Siena poll: After nursing-home scandal, Cuomo's approval barely budges

For now, anyway. Politico reports on the latest Siena poll of New York voters, which finds that Andrew Cuomo appears largely untouched by the rapidly expanding nursing home scandal. That comes with a very large caveat, however:

New York Gov. Andrew Cuomo’s popularity wasn’t damaged by the release of a report by the state’s attorney general that found Cuomo had undercounted the number of Covid-19 deaths among nursing home residents, a poll released Tuesday by the Siena College Research Institute found.

The poll was conducted Feb. 7-11, after the Jan. 28 release of Attorney General Tish James’ report but before a New York Post story detailing Cuomo’s refusal to release the nursing home death numbers. The poll found 56 percent of respondents said they view Cuomo favorably, compared to 39 percent who view him unfavorably. That’s basically the same as the 57-39 he received in January and 56-39 he received in November.

Only 39 percent said that he has done an “excellent” or “good” job at “making public all data about Coivd-related deaths of nursing home patients.” But that was “the issue on which voters most harshly grade Cuomo,” Siena spokesperson Steve Greenberg noted. On the broader question of how he’s handling the pandemic, the governor won the approval of 61 percent of respondents and disapproval of 34 percent. That compares to 63-32 in January and 63-30 in November. The extent of any damage from the Post report will have to wait until the next poll.

That seems like a very large Sword of Damocles, but maybe it isn’t. Cuomo’s numbers have remained strong in the state despite his self-promoting antics and the obvious collapse of his “I beat COVID” claims in the late fall. That spin and outright lying took place over months, and so far New Yorkers don’t seem inclined to punish the Love Gov for it, not even after James’ report vindicated Janice Dean and other critics of Cuomo’s administration.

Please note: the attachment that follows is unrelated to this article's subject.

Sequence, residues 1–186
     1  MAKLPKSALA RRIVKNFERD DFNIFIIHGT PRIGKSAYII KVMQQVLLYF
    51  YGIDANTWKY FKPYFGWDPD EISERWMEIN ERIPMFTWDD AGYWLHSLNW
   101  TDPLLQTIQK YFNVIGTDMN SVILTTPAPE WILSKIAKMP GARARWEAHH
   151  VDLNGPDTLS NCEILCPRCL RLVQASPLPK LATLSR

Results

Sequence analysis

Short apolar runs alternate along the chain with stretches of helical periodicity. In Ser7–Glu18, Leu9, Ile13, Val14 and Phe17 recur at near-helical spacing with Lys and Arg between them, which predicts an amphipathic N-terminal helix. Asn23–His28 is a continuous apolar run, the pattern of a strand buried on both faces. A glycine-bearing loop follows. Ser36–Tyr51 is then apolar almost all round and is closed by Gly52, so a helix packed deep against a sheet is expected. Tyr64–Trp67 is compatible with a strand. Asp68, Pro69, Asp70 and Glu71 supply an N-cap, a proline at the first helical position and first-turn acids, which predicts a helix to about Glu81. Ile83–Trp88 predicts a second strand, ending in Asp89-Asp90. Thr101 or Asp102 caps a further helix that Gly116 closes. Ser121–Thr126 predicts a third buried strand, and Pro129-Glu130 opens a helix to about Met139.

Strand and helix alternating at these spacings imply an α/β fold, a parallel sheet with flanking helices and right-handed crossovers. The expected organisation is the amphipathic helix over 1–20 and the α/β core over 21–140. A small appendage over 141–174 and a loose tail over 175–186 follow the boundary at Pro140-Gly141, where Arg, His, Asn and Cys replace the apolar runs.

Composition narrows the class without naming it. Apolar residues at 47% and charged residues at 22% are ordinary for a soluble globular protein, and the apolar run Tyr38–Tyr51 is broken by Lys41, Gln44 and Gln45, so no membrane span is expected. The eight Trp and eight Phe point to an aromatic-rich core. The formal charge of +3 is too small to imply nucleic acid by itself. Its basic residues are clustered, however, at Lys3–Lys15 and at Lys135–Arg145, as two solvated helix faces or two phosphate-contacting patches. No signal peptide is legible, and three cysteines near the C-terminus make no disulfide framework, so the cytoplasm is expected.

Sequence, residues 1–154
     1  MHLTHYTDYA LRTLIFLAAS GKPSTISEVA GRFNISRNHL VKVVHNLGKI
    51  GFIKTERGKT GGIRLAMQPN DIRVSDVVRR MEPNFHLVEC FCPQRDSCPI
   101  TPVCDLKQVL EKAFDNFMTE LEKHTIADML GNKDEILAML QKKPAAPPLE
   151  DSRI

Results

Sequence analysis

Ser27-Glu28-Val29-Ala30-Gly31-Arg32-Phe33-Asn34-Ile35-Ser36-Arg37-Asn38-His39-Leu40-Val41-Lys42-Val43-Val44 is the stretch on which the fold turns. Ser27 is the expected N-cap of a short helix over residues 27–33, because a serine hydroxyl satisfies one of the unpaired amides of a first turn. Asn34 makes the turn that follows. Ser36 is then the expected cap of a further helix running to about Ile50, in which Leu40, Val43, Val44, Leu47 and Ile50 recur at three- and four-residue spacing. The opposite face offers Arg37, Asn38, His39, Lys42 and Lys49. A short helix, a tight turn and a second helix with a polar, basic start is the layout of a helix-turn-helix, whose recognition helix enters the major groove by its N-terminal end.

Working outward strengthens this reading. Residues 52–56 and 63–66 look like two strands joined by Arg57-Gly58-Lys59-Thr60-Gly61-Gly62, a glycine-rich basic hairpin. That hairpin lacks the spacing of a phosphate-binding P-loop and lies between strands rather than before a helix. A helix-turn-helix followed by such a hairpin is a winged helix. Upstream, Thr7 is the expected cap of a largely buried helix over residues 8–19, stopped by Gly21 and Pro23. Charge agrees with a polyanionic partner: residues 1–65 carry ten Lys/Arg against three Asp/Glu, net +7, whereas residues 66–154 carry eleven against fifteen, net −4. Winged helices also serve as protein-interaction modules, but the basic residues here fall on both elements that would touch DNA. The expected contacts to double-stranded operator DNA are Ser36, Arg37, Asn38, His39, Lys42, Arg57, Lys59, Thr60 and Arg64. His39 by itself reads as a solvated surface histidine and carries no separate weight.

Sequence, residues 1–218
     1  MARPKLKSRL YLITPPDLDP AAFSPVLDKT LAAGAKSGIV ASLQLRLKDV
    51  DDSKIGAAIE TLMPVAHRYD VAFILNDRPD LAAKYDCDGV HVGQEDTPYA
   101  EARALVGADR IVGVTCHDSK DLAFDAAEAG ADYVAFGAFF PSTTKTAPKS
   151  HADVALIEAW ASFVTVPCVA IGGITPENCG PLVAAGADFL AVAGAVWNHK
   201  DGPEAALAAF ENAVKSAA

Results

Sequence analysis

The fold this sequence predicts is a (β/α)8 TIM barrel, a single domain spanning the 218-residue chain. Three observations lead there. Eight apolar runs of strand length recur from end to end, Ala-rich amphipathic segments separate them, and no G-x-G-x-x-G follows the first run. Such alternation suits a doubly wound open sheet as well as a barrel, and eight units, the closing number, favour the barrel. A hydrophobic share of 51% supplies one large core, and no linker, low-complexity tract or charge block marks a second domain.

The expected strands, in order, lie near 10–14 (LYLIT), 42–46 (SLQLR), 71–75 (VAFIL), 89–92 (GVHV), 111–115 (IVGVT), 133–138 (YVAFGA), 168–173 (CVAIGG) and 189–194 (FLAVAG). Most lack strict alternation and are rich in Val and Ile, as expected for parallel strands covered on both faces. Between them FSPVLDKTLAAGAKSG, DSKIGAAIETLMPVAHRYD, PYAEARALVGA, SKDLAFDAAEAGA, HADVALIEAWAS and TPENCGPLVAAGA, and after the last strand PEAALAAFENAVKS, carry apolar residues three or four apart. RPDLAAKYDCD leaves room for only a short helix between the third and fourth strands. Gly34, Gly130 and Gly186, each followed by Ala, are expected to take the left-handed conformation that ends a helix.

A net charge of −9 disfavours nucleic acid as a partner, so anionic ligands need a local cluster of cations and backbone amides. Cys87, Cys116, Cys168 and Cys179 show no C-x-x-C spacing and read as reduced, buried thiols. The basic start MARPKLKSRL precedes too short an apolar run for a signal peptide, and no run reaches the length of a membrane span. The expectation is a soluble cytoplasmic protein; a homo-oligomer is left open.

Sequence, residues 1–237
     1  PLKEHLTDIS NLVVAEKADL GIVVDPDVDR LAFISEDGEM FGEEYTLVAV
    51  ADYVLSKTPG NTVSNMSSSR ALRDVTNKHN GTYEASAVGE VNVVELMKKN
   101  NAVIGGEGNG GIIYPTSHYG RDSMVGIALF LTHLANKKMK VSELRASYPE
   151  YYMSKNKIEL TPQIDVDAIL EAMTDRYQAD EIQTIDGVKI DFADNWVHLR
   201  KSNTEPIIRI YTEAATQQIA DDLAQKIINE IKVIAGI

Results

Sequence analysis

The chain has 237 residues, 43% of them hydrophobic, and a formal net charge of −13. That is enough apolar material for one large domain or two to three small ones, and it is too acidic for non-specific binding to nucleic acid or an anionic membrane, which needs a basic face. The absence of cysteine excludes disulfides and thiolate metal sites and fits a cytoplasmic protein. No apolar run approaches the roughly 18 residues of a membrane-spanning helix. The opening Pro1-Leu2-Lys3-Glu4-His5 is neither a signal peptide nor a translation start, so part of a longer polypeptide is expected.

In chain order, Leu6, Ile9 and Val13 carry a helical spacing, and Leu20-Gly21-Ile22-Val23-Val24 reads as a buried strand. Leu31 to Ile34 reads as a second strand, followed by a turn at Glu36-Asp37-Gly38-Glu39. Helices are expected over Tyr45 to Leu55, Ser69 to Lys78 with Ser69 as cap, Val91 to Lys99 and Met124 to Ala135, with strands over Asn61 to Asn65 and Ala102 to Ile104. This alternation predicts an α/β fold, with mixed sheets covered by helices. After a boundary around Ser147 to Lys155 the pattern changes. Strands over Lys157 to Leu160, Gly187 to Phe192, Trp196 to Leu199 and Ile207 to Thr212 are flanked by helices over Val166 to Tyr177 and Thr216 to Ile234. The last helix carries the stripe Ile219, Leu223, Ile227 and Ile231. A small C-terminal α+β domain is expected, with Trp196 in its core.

Guy Benson is mystified over Cuomo’s “gaslighting” strategy, but it seems to be working:

Scandal-plagued New York Governor Andrew Cuomo held a press conference yesterday afternoon in which he addressed the controversies engulfing his administration. It’s difficult to know how or where to even begin the process of fact-checking his astoundingly dishonest performance. As it unfolded, conservative writer Seth Mandel asked, “has Cuomo said anything in this presser so far that isn’t an outright lie? Not yet, far as I can tell.” Upon its conclusion, Fox News meteorologist Janice Dean — who lost both of her in-laws in New York nursing homes, and who has been sneered at by Cuomo’s boorish Praetorian guard — tweeted incredulously, “after that complete BS of a press conference, I’m at a loss for words.” Indeed. Consider the following arguments and assertions. After complaining that this scandal has arisen from a “toxic political environment,” Cuomo set out to deny that anything we know about the situation isn’t real. Hardcore, textbook gaslighting.

At least until now, it’s also hardcore effective. Cuomo seems convinced that he can gaslight his constituents, and his constituents seem heavily invested in proving him correct.

Will this change after Melissa DeRosa’s admission? It might. National and state media have provided Cuomo with tons of cover for this gaslighting, but that was mainly to provide a narrative alternative to Donald Trump’s performance on COVID-19 issues. The media had to distort both men’s records to make that work, but Trump’s no longer in office, so the media can use Joe Biden now for that purpose. DeRosa’s admission of a cover-up makes it even more difficult to pretent Cuomo is both honest and competent — so much so that even his fellow Democrats in the legislature want an investigation and to strip Cuomo of his emergency powers.

That could make a very big difference, if one looks at the crosstabs of this poll. Cuomo’s approval rating is primarily a function of lock-step support from Democrats (78/18). Republicans predictably have almost the exact reverse assessment (21/77), but Cuomo’s slightly underwater among indies (44/48). If Democrats start reassessing Cuomo and indies bleed away, Cuomo will be in real trouble.

By the way, Cuomo’s re-elect numbers already look significantly worse in this poll. He only gets a 46/45 virtual deadlock against a generic challenger, and only 65/28 among Democrats. Among independents, Cuomo only scores 34/52. One has to wonder whether that gaslighting has been as effective as it seems based on that number, and what both the approval and re-elect numbers will show in the next Siena poll as DeRosa’s comments play out.